Roccato looks back at 8 years on Council

By AUBRIE GEORGE

Dan Roccato spent the last eight years serving residents of Moorestown as a mayor and council member. When his term expired this December, he left with no regrets — just a thing or two he might have done differently.

Roccato was elected to Council in 2002 and served two, consecutive terms on the governing body. He was sworn in as mayor of Moorestown in January 2009.

“My first goal, when I became mayor, was to restore the level of civility and humility on Council,” Roccato said. “You may not agree with all of our decisions, but I think everyone would agree that this Council was very responsive, transparent and effective.”

In December 2009, Roccato announced he would not seek re-election for a third term on Council. Instead, the father of four said he planned to devote more time to his family, church, and business.

Looking back at the past eight years, Roccato said some of his happier moments include the preservation of more than 300 acres of open space, which he said Moorestown residents will enjoy for years to come.

Roccato said he’s also proud of all of the work Council did to honor Moorestown veterans while he was in office.

“What we did for our veterans here In Moorestown — specifically for Major John Pryor and the four Vietnam veterans who lost their lives — dedicating two parks in their memory, I think, is an incredibly appropriate way to honor them for future generations,” Roccato said.

As far as disappointments, Roccato said his biggest was not being able to get a new town hall built during his tenure.

“I remember that night in August when that building burned,” Roccato said. “After the fire was out, I thought ‘within six months, we can get this thing back up and running.’”

While Roccato said Council obviously made some mistakes in regard to the project, he said he was proud of the logical way in which officials have approached it.

“I think we said we were going to be methodical and set a budget and that we were not going to exceed that budget,” Roccato said. “On one hand, I’m proud of the fact that we didn’t just throw an endless amount of money at a project we weren’t sure about. On the other hand, I’m disappointed we’re not further along.”

Another challenge during his tenure, he said, was the troublesome municipal budget that was, no doubt, affected by a global economic meltdown and an essentially bankrupt state.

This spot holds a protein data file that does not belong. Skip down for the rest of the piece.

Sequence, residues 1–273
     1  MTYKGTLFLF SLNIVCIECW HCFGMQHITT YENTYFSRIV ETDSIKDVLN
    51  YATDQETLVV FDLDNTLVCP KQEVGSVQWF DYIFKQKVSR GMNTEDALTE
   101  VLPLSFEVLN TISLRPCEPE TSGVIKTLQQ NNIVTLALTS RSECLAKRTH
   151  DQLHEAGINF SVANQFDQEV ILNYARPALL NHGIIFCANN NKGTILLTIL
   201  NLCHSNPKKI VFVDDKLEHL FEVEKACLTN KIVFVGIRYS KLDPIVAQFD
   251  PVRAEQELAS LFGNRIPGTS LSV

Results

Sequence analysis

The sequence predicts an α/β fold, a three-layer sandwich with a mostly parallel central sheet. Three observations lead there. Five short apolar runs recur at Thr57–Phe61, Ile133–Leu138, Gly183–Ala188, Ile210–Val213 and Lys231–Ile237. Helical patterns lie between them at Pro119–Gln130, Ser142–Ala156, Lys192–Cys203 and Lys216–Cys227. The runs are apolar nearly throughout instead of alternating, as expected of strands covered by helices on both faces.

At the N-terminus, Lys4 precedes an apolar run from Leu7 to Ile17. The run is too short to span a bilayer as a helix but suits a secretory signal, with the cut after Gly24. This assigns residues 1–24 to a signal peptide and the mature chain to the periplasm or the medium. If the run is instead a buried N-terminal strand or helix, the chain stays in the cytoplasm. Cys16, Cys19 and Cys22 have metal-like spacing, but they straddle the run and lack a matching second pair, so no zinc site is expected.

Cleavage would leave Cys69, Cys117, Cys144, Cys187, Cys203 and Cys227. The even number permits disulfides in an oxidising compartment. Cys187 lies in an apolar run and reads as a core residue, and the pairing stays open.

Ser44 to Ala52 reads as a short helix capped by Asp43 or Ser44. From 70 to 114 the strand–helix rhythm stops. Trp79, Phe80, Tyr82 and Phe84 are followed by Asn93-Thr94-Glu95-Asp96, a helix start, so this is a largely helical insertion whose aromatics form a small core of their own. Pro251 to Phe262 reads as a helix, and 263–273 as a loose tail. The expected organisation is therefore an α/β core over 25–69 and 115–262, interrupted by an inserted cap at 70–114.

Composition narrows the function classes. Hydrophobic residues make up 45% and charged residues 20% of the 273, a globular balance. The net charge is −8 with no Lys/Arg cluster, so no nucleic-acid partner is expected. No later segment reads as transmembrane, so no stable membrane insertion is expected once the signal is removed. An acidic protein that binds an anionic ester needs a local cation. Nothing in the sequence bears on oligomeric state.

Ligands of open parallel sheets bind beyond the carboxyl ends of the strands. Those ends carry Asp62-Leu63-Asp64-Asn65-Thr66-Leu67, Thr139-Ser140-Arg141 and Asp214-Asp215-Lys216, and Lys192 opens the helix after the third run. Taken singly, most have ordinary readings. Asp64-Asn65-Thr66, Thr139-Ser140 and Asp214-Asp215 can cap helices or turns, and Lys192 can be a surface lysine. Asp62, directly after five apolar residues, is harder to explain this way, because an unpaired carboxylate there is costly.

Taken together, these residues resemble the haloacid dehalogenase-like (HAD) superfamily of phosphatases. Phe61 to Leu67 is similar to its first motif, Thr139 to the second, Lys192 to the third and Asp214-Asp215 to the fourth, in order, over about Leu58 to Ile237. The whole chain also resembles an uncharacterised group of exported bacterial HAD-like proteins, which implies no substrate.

“It was a struggle for us to make sure that we didn’t put more of a burden on our taxpayers while continuing to deliver services,” Roccato said. “I’m pretty proud of the way we did that — it was very, very detail oriented and, in some ways, painful.”

He said he’s proud of township employees who stepped up to the plate and sacrificed to help out during the budget process.

“At the end of the day, the decisions we made were fact-based and in the best interest of our employees and our taxpayers. We didn’t raise taxes and we’re probably one of the only towns in the area that did that.”

In retrospect, Roccato said, there are a couple of things he might have done differently.

“It’s tough because you want to always have an answer or a solution,” he said. “If I had to do it all over again, I’d make a bigger effort to listen more.”

As he moves on, he said he would miss the day-to-day duties of being mayor and helping to run the town.

“Everything from Starbucks asking to help them out with a flood issue, to someone getting a hold of you in the supermarket talking about some ideas for reducing the budget, to one of our police officers or township employees suggesting a better way to get things done,” he said. “That’s all part of service to the township.”

Roccato lives in town with his wife Carol and their four children. He is the owner of Quaker Wealth Management, an investment advisory firm, and also works as an adjunct college professor.

Aside from watching more Monday Night Football, Roccato said his post-Council plans include more teaching at Rutgers University and more media work for Fox news.

He also plans to spend more time with his family and hopes the Roccato family tradition of serving Moorestown will continue through his son, Jack, who volunteers with the fire department.

“He’s extraordinarily committed and dedicated,” Roccato said of his son. “I hope he got those genetics form me, and that he’ll continue to serve this township.”